- CPB - said...

Hi Ibrahim,

Thanks for your contribution! Tony Sansone's diet was similar in principle to the type of diet that Steve Reeves followed.

We also agree that Vince is known for advocating much more supplements that we usually find in the Goldn Age (the 40s and 50s). Aside from protein powder, vitamins, brewer's yeast, wheat germ, and liver tablets, his other supplement recommendations may have been developed in the 1960s in his attempt to show that steroids were not necessary.

If anyone has a pre-1960 diet from Vince (with supplement recommendations), we would be interested in seeing it as well! If we run across it (in our growing Golden Age Library), we will post it.

All the best,


brendon patrick said...

A very symetrical and of course very lean physique.
He has a different look than the popular fellows do now.
Some of his dietary suggestions my system could not handle!! But the results for him are obvious. And still NO steroids or artificial substances.
His posing is art in motion.

- CPB - said...

Hi Brendon,

We agree on all counts. Vince does indeed have a different look than mainstream bodybuilders now.

Even for classic physique builders, Vince was on the "lean" side. He had what was called an "Apollo-type" classic physique versus a "Hercules-type" (Reeves, Park) classic physique.

He did push the "extremes" of definition at times and was actually marked down for it (since the anatomy cadaver "overly-defined" look was not valued in the Golden Age).

There is no question that he was a master of posing! The more graceful, majestic, and even "noble" character of the Golden Age posing is such a contrast to the current trends in modern, mainstream bodybuilding!

Thanks for your observations!

All the best,


jonny said...

will you be putting any vince gironda workout progams up?. i and many other people would be interested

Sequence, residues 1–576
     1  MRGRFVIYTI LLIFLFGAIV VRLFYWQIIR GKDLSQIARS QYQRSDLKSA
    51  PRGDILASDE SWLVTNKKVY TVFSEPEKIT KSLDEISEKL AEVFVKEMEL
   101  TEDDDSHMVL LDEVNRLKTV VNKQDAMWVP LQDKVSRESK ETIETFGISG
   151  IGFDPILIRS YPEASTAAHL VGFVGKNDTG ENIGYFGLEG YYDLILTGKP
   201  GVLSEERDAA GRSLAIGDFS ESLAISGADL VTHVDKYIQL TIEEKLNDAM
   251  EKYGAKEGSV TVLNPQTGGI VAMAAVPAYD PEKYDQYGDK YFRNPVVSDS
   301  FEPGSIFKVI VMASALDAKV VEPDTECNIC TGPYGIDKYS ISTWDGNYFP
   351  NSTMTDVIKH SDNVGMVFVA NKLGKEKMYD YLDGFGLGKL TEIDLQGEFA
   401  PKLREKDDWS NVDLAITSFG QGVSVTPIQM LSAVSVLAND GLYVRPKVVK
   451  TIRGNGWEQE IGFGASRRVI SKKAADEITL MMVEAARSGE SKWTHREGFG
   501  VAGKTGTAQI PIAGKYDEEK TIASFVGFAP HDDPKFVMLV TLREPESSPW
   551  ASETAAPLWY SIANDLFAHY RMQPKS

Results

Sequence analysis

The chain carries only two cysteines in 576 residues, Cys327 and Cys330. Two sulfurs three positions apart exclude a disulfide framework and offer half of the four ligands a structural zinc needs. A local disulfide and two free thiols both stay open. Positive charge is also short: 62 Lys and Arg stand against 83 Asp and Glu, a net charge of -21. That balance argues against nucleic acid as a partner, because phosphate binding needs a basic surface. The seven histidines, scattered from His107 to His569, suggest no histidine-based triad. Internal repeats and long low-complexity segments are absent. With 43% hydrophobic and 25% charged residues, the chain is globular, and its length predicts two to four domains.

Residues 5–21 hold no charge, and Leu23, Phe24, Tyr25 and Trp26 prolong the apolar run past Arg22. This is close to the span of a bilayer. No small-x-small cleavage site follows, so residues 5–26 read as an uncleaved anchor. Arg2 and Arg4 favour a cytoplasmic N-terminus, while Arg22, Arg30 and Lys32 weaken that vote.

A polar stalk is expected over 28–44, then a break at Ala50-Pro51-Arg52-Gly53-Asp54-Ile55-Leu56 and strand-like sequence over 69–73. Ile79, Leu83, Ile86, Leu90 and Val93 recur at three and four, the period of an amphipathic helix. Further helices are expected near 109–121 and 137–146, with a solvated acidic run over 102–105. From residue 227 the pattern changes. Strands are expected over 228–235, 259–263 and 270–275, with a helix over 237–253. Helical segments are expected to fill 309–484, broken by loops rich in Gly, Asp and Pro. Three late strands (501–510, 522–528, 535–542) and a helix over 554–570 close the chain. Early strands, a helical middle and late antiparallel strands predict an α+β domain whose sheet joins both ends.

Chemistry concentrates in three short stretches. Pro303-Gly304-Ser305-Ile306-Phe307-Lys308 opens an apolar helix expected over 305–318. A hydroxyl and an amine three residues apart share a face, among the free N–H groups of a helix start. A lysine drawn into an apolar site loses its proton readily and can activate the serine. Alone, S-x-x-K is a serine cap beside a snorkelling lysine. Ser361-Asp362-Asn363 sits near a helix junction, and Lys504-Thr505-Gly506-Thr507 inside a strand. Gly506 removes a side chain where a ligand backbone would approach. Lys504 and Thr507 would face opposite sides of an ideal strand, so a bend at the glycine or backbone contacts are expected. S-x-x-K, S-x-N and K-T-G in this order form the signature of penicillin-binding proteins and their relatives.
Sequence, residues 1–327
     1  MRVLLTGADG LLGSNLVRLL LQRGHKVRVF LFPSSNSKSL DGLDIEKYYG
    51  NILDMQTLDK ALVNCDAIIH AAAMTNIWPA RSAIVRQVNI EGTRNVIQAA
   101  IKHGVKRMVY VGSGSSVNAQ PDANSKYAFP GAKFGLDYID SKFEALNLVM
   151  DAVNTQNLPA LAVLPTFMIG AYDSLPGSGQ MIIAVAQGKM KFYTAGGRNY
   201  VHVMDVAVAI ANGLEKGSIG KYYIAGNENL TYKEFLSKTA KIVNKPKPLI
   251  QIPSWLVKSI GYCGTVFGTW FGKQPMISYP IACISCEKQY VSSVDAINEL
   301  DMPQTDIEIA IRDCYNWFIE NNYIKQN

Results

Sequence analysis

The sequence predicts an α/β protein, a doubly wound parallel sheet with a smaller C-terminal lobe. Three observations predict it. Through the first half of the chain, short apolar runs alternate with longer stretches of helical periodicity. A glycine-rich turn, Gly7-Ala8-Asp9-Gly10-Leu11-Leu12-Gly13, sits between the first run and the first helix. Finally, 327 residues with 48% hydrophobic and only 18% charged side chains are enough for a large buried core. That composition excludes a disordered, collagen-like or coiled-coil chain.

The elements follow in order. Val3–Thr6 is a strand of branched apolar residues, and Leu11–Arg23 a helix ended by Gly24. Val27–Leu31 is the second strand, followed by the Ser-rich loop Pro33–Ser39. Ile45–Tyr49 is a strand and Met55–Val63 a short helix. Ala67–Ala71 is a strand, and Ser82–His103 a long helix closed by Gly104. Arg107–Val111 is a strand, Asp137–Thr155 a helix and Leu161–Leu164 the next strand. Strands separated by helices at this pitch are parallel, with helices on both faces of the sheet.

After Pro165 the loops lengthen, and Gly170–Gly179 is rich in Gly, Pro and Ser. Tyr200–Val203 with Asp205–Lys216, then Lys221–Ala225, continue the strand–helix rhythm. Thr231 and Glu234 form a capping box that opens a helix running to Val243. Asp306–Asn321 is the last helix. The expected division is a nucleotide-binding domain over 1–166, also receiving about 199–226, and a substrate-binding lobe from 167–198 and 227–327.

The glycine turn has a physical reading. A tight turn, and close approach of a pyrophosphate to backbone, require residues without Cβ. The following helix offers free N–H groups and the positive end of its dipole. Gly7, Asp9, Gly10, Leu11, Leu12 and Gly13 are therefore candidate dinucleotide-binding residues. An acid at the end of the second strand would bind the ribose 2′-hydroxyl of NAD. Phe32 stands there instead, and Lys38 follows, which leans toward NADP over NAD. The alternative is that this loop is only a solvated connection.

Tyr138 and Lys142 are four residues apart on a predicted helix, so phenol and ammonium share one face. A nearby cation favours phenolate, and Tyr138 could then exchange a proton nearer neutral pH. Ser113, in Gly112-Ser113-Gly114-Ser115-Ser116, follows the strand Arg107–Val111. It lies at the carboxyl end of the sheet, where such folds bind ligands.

- CPB - said...

Hi Jonny,

Yes...we will post some Gironda workouts in the future. We know there are Vince fans out there, so stayed tuned!

Our next post may be on the issue of whether to squat or not! You may know that Vince was not a fan of regular squatting! Why? We will let you know in our next post!

All the best,


P.S. If you haven't already, don't forget to sign up for your free 1 year subscription to CPBzine! This is a modern, do-it-yourself, (maga)zine that is patterned after the muscle mags of the Golden Age. See the sidebar for details!

STEVE said...

A comment regarding Aminos. Stating that they are not as important as sleep is simply not correct. Amino acids, especially after training, are possibly the best way to ensure gains naturally. Clearly diet and sleep are very important. See what the world's foremost strength trainer Charles Poloquin says on Aminos, not to mention Creatine, (also found in that Beef Gironda suggests), and Carbs post workout.
In short, Aminos can stop the body going into Catabolism, (where it eats the very muscle tissue we try to build). Consider that a long, hard workout can create enough Catabolism to counter and muscle building effects that the workout produced. This is why most people don't grow month after month.